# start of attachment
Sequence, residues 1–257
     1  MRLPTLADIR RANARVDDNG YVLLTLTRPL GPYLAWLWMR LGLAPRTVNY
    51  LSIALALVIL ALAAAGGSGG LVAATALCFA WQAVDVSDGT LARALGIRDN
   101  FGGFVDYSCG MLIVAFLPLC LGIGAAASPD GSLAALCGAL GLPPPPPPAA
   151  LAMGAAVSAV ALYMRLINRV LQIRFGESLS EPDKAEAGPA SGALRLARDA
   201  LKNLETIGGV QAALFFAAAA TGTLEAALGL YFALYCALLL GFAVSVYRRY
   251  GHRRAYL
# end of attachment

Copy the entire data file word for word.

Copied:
Sequence, residues 1–257
     1  MRLPTLADIR RANARVDDNG YVLLTLTRPL GPYLAWLWMR LGLAPRTVNY
    51  LSIALALVIL ALAAAGGSGG LVAATALCFA WQAVDVSDGT LARALGIRDN
   101  FGGFVDYSCG MLIVAFLPLC LGIGAAASPD GSLAALCGAL GLPPPPPPAA
   151  LAMGAAVSAV ALYMRLINRV LQIRFGESLS EPDKAEAGPA SGALRLARDA
   201  LKNLETIGGV QAALFFAAAA TGTLEAALGL YFALYCALLL GFAVSVYRRY
   251  GHRRAYL